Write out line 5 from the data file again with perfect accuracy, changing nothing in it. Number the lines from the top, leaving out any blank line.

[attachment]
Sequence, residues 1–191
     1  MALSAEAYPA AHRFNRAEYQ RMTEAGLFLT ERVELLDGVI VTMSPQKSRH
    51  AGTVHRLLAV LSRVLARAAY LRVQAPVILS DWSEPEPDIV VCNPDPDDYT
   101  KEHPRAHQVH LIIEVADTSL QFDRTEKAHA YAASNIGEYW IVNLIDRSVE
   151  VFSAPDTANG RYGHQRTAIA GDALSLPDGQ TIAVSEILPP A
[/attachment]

   151  VFSAPDTANG RYGHQRTAIA GDALSLPDGQ TIAVSEILPP A